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Cultural Resources
BPA’s Cultural Resource staff, part of the Environmental Planning and Analysis group, works to protect and preserve cultural resources, prehistoric and historic resources and traditional cultural properties affected by agency actions. There are three components of BPA’s Cultural Resource Program:
  • Cultural Resource Compliance for BPA Transmission Services projects 
  • Cultural Resource Compliance for BPA Fish and Wildlife projects 
  • Federal Columbia River Power System (FCRPS) Cultural Resource Program
​A stone tool in the form of a bear figure that Native Americans created hundreds of years ago, found by a Colville Confederated Tribal employee who was working with BPA.
To find out more about the work in each of these components, click on the tabs to the left. The built resources division provides services on a wide range of historic transmission infrastructure projects and fish and wildlife projects.
BPA manages cultural resource compliance activities in collaboration with affected Tribes, State Historic Preservation Offices (SHPO), Tribal Historic Preservation Offices (THPO), other federal and state land management agencies, the federal Advisory Council on Historic Preservation (ACHP), and interested members of the public.
Cultural resource compliance is guided primarily by the National Historic Preservation Act (NHPA) and its implementing regulations; namely that of Section 106.
The Section 106 Process 
Initiate the Process
Formal consultation begins with providing the proposed project details to all consulting parties which include: State Historic Preservation Offices (SHPO), Tribal Historic Preservation Offices (THPO), affected Tribal Governments, Local Governments, State and Federal Agencies, Interested Parties, and the Public. Questions asked during this step are:
  • Who is the landowner?
  • Do they require a permit?
  • Are other agencies involved in the proposed project and if so, which agency will be the lead agency for Section 106 compliance?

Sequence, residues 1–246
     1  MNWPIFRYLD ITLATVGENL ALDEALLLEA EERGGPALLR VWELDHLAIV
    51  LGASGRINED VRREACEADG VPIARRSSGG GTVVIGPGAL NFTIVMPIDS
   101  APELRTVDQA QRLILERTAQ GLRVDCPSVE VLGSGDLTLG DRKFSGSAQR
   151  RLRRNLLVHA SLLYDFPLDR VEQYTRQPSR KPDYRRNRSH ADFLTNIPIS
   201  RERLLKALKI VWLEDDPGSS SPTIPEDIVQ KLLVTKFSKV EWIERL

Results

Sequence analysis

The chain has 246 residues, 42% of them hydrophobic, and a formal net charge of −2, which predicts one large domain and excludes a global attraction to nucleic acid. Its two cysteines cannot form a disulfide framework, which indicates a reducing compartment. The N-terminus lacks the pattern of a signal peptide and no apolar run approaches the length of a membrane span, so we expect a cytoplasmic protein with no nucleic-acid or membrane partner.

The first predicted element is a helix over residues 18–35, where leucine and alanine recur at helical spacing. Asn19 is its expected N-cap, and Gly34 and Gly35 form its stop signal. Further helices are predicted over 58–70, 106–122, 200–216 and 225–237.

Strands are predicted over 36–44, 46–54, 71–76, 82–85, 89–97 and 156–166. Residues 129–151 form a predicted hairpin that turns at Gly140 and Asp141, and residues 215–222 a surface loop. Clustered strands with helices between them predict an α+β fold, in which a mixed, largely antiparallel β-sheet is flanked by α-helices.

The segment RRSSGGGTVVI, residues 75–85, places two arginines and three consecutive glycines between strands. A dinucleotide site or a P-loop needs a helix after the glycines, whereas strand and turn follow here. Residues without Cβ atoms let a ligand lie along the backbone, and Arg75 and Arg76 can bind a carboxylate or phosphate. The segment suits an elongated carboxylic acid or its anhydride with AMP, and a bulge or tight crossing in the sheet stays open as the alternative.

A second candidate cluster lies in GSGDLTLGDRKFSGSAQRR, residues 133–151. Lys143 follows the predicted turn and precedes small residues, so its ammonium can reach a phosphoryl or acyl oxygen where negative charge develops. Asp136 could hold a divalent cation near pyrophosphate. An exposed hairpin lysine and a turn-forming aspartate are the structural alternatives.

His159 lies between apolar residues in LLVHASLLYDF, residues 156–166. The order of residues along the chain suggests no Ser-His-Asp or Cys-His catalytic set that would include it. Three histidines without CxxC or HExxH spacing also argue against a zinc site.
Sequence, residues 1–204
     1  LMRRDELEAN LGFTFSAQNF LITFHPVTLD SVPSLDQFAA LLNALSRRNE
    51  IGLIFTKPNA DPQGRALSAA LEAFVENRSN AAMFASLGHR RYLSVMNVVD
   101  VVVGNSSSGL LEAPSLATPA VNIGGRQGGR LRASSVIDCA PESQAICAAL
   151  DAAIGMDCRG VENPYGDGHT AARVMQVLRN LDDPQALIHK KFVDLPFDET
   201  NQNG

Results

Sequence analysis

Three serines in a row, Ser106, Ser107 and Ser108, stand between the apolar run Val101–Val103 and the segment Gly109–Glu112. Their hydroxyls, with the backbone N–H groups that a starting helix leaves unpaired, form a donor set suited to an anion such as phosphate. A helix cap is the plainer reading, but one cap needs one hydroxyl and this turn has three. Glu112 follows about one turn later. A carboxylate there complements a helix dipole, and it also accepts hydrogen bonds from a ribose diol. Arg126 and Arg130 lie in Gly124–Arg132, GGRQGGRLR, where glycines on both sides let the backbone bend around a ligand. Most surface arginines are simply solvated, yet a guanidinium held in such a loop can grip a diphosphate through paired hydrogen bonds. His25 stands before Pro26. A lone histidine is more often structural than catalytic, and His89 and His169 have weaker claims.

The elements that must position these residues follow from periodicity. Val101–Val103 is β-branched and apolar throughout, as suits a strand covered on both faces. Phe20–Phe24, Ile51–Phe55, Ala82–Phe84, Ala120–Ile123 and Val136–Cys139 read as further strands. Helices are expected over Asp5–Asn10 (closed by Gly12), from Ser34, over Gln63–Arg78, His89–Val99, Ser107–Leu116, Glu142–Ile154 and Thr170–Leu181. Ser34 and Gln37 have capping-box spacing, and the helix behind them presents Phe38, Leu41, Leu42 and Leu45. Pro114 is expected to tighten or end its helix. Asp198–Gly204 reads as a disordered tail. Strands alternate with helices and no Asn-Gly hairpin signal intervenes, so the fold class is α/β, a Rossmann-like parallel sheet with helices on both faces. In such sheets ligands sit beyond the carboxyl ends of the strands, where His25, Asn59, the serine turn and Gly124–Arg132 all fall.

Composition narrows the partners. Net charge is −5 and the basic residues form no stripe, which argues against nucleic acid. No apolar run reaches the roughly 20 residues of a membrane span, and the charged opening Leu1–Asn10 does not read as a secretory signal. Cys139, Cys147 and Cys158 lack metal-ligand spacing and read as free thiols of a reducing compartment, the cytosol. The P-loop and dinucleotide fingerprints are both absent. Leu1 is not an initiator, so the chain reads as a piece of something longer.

All consulting parties are provided a 30-day review and comment period.
Identify Historic Properties
Background research is conducted prior to an intensive cultural resources survey of the proposed project area using relevant literature, previous cultural surveys, recorded site data, historic maps, other environmental data, and data recommended by the consulting parties.
Field Investigations of the project area include intensive pedestrian survey, subsurface testing, followed by a professional report following SHPO standards.
If cultural resources are identified within the proposed project area, they are systematically recorded to determine their location and extent, the type of cultural resource, age, and last but not least, its eligibility to the National Register of Historic Places.
A cultural resource can be a historic property if it’s determined to be significant and retains its integrity by one or all of these characteristics: Location, Design, Setting, Materials, Workmanship, Feeling, and Association.
There are 4 criteria used to make that designation:
  • Criterion A- Associates the property with significant events
  • Criterion B- Associates the property with significant persons or beings
  • Criterion C- Associates Significant architecture – which represent specific type or period, or method of construction
  • Criterion D- It’s the ability to provide data important to our understanding of prehistory or history


Sunshine Schmidt
Federal Preservation Officer -Program Manager - Cultural Resources, BPA
Jenna Peterson
Fish and Wildlife Senior Archaeologist, BPA
Kevin Cannell
FCRPS Cultural Resources Program Manager, BPA

 Historic Preservation Offices


 Related Links


Assess Effects to Historic Properties

Determine if the historic resource would be impacted by the proposed project and resolve those potential impact. If impacts to historic properties are possible, BPA Cultural staff work with the BPA project team to avoid impacts to these resources by enlisting the project team to find design alternatives (for example, moving a proposed transmission line structure to be constructed outside of archaeological site boundaries to avoid impacts to the archaeological site).

BPA also works with the project team to manage historic properties during the construction phase of a project. This may include marking and flagging cultural resources to avoid impacts and having cultural monitor’s onsite during construction activities.

All consulting parties are provided a 30-day review and comment period.

Resolve any Adverse Effects to Historic Properties

 BPA works hard to avoid impacts to historic properties. If impacts to historic properties are unavoidable, then adverse effects to the resource needs to be resolved prior to the completion of the Section 106 process. Resolution, in the form of mitigation, is determined in consultation with the consulting parties for the proposed project.

Mitigation is negotiated between the consulting parties. The agreed upon mitigation is documented in a Memorandum of Agreement (MOA) which is a legal document signed by the consulting parties which formalizes the specific actions the federal agency will take to minimize, avoid, or mitigate the adverse effect.

The Advisory Council on Historic Preservation is notified and a 15-day review and comment period is provided.